CSL begins first human trials of H1N1 vaccine

The first human trial of an H1N1 vaccine began Wednesday. Melbourne, Australia-based developer CSL has launched a human trial of its experimental H1N1 vaccine in partnership with the clinical research organization CMAX and the Royal Adelaide Hospital in South Australia. The seven-week trial involves 240 healthy adult volunteers aged 18 to 64 and 400 children aged six months to nine years. Participants will receive two injections of the vaccine three weeks apart.

Researchers plan to administer a standard dosage as well as an increased dosage to determine which produces the best immune response. And vaccine developers, many of whom also have orders already on the table, will be watching this trial closely to help guide their own dosing, Marie-Paule Kieny, director of the World Health Organization's initiative for vaccine research, told Bloomberg. "It is likely to be indicative of how the other vaccine candidates will perform."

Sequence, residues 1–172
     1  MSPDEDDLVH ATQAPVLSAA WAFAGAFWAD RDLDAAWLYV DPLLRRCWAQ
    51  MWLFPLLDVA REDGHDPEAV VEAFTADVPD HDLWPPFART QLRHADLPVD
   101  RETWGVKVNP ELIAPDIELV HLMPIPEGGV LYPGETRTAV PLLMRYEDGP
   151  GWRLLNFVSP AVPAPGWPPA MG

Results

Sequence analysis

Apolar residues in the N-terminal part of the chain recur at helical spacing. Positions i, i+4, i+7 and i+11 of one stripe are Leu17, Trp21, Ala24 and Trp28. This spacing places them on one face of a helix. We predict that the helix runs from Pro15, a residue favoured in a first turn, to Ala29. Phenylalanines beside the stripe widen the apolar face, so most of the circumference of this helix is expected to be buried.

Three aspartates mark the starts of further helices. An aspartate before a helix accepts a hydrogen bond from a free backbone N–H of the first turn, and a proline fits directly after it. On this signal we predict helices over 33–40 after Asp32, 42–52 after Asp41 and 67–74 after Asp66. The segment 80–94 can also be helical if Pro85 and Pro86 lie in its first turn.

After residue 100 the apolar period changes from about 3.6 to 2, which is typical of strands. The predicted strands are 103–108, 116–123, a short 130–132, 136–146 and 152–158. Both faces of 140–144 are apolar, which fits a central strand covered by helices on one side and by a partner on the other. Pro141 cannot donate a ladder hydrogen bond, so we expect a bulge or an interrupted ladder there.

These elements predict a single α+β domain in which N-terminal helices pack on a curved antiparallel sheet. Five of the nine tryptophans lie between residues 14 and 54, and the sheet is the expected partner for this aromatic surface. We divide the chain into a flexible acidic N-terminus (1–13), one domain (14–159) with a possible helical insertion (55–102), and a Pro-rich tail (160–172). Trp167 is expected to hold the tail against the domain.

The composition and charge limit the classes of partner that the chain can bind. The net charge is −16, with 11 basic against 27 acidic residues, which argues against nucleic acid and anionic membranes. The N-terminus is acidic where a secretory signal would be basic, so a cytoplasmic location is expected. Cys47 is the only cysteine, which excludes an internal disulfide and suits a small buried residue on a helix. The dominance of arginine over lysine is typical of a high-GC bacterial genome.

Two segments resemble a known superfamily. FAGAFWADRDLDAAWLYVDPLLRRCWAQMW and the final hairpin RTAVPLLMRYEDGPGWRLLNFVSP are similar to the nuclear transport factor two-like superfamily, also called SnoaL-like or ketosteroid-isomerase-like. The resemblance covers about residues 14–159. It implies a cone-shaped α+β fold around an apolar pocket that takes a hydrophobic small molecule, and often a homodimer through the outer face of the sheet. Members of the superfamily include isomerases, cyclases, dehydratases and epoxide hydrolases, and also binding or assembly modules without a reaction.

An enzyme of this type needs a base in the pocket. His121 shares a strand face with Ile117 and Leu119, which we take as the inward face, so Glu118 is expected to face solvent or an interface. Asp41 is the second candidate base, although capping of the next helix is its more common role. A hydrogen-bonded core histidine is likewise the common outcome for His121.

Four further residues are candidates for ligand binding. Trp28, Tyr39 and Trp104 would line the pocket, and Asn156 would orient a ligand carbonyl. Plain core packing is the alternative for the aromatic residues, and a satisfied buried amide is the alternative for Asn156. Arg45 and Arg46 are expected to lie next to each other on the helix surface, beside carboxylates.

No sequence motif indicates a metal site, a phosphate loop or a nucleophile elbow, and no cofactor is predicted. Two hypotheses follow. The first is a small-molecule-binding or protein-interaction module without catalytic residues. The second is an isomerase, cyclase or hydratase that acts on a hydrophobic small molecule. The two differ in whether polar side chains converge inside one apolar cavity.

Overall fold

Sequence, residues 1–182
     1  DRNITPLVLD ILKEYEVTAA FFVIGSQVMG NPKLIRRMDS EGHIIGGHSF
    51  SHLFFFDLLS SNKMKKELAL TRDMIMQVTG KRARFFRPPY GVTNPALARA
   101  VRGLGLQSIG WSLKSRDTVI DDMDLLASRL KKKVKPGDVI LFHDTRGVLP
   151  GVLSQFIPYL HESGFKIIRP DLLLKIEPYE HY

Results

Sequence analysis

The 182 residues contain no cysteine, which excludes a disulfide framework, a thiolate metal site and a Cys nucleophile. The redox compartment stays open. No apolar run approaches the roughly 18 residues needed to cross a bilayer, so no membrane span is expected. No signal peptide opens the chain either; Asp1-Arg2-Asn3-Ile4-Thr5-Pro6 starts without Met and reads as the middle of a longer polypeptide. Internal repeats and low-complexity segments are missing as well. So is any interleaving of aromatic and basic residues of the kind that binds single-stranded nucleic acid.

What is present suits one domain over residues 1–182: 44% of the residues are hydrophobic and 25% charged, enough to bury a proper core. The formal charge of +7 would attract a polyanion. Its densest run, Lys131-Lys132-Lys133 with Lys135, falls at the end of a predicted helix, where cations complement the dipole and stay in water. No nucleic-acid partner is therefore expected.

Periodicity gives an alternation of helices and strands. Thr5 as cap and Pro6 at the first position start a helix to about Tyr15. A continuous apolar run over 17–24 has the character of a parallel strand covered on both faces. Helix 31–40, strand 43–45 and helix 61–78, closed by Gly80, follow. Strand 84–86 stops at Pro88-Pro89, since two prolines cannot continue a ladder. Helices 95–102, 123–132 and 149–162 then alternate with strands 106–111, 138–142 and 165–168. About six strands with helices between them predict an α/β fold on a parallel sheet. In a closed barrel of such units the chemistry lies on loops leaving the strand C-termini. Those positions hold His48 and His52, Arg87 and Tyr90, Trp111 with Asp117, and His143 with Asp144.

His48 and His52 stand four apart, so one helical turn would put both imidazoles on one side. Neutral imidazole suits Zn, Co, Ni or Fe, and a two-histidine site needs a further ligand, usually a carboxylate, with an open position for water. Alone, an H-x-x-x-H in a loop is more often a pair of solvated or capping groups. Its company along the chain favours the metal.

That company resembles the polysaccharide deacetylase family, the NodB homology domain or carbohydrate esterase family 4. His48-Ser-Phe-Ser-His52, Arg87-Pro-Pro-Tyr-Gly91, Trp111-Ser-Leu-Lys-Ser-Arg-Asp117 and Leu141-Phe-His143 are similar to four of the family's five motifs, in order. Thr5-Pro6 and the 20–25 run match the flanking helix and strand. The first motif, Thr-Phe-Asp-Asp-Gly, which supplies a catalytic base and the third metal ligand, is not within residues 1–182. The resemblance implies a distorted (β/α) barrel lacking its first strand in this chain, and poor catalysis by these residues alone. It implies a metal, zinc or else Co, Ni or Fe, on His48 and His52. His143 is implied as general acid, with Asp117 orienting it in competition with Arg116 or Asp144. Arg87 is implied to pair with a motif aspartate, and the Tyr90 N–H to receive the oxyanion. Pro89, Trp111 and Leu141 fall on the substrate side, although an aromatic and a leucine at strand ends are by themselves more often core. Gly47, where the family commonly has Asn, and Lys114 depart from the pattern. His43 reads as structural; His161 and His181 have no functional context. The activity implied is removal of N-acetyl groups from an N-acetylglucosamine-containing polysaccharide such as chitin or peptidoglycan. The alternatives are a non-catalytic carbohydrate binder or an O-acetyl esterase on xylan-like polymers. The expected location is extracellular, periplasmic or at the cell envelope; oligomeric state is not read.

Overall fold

The lone vaccine developer in the southern hemisphere, CSL has thus far promised vaccine to its home country, the U.S. and Singapore. 

Meanwhile, the National Institutes of Health is prepping for trials of CSL's, as well as Sanofi-Pasteur's, vaccines here in the U.S. as well. On Wednesday, the government called on volunteers to enroll in trials at eight medical centers around the country. Testing is set to kick-off the second week of August and officials hope to have an idea of how much antigen is necessary by early September. The NIH will first test the vaccine on adults to evaluate the safety of the jabs before enrolling children and babies in the trials.  

Testing will be conducted at the University of Maryland School of Medicine, the University of Iowa, St. Louis University, Baylor College of Medicine, Cincinnatti's Children's Hospital Medical Center, Emory University, Seattle's Group Health Cooperative and Vanderbilt University.

- here's CSL's release
- more on the NIH testing
- here's the Bloomberg article
- read CNN's take

ALSO: Clinical trials are also underway in China. More than 2,000 volunteers have been given the jab in trials being carried out by Hualan Biological Engineering. Report

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